Health & Medical Self-Improvement

Do You Want to Row Across the Ocean? - Ask MIT the Best Route - It"s Not What You Think!

Well, they say that the shortest distance between two points is a straight line, but if you are trying to conserve energy or utilize the physics and flows of the environment you are in, you need to have a much closer look before adopting that strategy of straight line'ism.
If you are traveling to Mars in a space capsule you'll want to use gravity for propulsion, sling-shot techniques, and elliptical paths through space - and that's definitely not a straight line.
If you did travel in a straight line, your line would be bent regardless if you realized it or not, or you'd never get there and meet your intended destination, unless you knew the exact point in advance and had enough power to overcome all the other gradients of forces and flows around you.
Okay so, we all realize there is a lot of math involved there, and so, I'd like to bring up another point of contention if I might.
You see, as a long-distance cyclist, I've considered the shortest distance to visit each and every state capital in the USA, which means it takes a lot of thinking, measuring and there are endless choices for routes while on such a nomadic quest.
Another thing which sounds totally fun to me would be to row across the oceans of the world.
Yes, you probably have not considered this, but it sounds to me like the ultimate challenge.
There was one French man who did row across the Pacific, and he's also rowed across the Atlantic too.
Now then, I can remember riding my bicycle from Oregon to Mexico to raise money for charity.
I can remember when I was peddling against the wind, and how difficult it was, and how few miles I was able to go in the same amount of time, and how much more energy it took to get there.
When I was going with the wind, it was quite incredible how much time I could make up.
Okay so, back to the concept of rowing across the ocean.
There is a great YouTube Video on this topic titled; "Optimal paths for automated underwater vehicles (AUVs)," which is apropos to my commentary here today.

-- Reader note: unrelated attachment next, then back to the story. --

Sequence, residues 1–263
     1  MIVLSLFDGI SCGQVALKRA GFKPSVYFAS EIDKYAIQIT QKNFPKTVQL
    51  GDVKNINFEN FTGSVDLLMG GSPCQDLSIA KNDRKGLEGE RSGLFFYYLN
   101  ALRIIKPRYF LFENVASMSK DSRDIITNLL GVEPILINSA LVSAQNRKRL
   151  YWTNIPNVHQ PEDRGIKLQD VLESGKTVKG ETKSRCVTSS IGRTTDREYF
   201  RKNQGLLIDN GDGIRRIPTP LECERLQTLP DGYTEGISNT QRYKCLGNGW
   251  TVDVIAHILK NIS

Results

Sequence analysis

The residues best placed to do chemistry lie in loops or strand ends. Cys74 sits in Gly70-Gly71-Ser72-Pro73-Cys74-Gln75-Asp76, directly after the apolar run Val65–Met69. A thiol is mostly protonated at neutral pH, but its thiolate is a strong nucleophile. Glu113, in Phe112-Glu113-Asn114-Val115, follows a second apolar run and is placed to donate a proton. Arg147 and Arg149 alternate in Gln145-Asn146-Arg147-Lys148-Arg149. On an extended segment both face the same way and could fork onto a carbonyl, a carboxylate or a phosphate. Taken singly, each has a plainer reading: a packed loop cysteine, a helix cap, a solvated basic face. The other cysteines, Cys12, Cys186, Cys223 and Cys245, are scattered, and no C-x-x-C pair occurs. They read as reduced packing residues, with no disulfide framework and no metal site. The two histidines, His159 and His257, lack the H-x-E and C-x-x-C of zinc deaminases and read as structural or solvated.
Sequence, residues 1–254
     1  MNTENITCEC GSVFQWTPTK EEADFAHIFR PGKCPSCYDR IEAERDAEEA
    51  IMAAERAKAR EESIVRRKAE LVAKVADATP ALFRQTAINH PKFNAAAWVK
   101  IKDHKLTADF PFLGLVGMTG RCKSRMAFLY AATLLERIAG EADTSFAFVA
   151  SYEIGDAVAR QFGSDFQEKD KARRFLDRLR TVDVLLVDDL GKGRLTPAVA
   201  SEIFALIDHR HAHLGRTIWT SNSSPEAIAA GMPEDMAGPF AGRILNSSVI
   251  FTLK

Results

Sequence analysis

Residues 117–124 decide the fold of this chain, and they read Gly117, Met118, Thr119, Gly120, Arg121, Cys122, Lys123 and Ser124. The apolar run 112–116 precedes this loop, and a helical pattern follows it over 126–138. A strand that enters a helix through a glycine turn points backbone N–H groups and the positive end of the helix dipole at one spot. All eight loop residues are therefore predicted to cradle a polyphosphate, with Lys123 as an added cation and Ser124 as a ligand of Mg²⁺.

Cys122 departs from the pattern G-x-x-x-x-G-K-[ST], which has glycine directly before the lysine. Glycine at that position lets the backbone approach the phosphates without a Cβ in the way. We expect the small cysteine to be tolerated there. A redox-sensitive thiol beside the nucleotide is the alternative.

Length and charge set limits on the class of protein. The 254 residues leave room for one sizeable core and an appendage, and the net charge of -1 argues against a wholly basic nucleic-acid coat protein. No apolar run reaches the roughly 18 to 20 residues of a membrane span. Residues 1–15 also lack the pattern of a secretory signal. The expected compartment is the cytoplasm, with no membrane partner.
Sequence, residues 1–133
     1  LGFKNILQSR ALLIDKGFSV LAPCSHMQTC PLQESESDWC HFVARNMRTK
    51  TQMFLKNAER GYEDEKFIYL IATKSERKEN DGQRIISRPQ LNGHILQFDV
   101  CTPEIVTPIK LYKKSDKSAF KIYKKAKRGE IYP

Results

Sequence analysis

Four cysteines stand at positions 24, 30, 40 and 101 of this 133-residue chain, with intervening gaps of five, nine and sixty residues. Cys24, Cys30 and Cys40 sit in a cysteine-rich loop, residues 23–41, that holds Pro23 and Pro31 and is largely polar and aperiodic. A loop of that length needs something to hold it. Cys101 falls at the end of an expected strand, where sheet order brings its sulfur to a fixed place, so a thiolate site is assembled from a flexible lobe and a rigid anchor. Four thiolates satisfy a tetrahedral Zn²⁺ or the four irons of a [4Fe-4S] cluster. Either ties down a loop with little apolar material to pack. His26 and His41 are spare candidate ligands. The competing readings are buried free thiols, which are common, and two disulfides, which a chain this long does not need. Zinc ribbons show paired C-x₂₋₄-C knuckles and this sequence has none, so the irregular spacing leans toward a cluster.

Go ahead and go watch that video, and then come back because I would like to finish this thought.
You see, if the current is moving at 3 miles per hour and you were rowing at 3 to 4 miles per hour, then you may not be going forward at all or only one mile per hour if you did, but you are still expending quite a bit of energy, just as if you were swimming in one of those endless swimming pools.
You see the point? What I'm saying, is a straight line across the ocean may be the wrong way to play it if you think you are going to row that far.
Incidentally, when the Frenchman, who did have GPS navigation, and was using also celestial navigation got to his destination; the west coast of California, he was hundreds of miles off course, due to the wind, and currents, which is par for the course if you consider all the comments above.
Someone could row across the Pacific Ocean, and stay within the current flows, and end up doing extremely well, and making up much better time, using less energy - if they simply used the same mathematics involved in determining optimal paths for automated underwater vehicles.
Indeed, I'd like you to sit back and think about this for a moment, and consider how this type of theory and knowledge affects so many aspects of the human endeavor in our daily lives.


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